Katherine Donnelly: Getting the chemistry right with the sciences
What Leaving Certificate students in physics, chemistry and biology are studying today was shaped by curriculum advisers about 20 years ago.
Some things, like Boyle's Law, never change. On the other hand, there has been a veritable explosion in fields such as biotechnology in the past two decades.
The reforms promised in the teaching, learning and assessment of physics, chemistry and biology in Leaving Certificate classes are necessary and overdue.
Increasingly, Ireland will rely on what are known as Stem (science, technology, engineering and maths) skills to sustain and grow the economy. Even now there are not enough graduates coming through to meet needs and, with demand rising, shortages could get worse.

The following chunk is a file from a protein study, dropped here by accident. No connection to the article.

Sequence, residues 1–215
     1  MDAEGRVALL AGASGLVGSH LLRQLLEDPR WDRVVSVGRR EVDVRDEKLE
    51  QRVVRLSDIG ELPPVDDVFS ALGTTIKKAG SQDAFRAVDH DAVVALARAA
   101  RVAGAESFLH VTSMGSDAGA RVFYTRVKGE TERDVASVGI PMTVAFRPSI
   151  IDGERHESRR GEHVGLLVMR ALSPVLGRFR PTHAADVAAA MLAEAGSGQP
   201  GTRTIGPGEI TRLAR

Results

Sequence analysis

Encouraging and supporting pupils to pursue Stem study at third-level requires whetting the appetites. Biology is very popular among second-level students, but physics and chemistry struggle in the popularity stakes. Part of their appeal problem may be that they need freshening up.
Ireland has lagged behind the rest of the world in terms of science practicals; what's now envisaged is in line with the best.
Research on science education allowed for benchmarking against international practice in drafting the new syllabuses.
It is 11 years since the NCCA started this review, three years since it signed off on the new specifications. Any further delay would be unfair to students or the economy.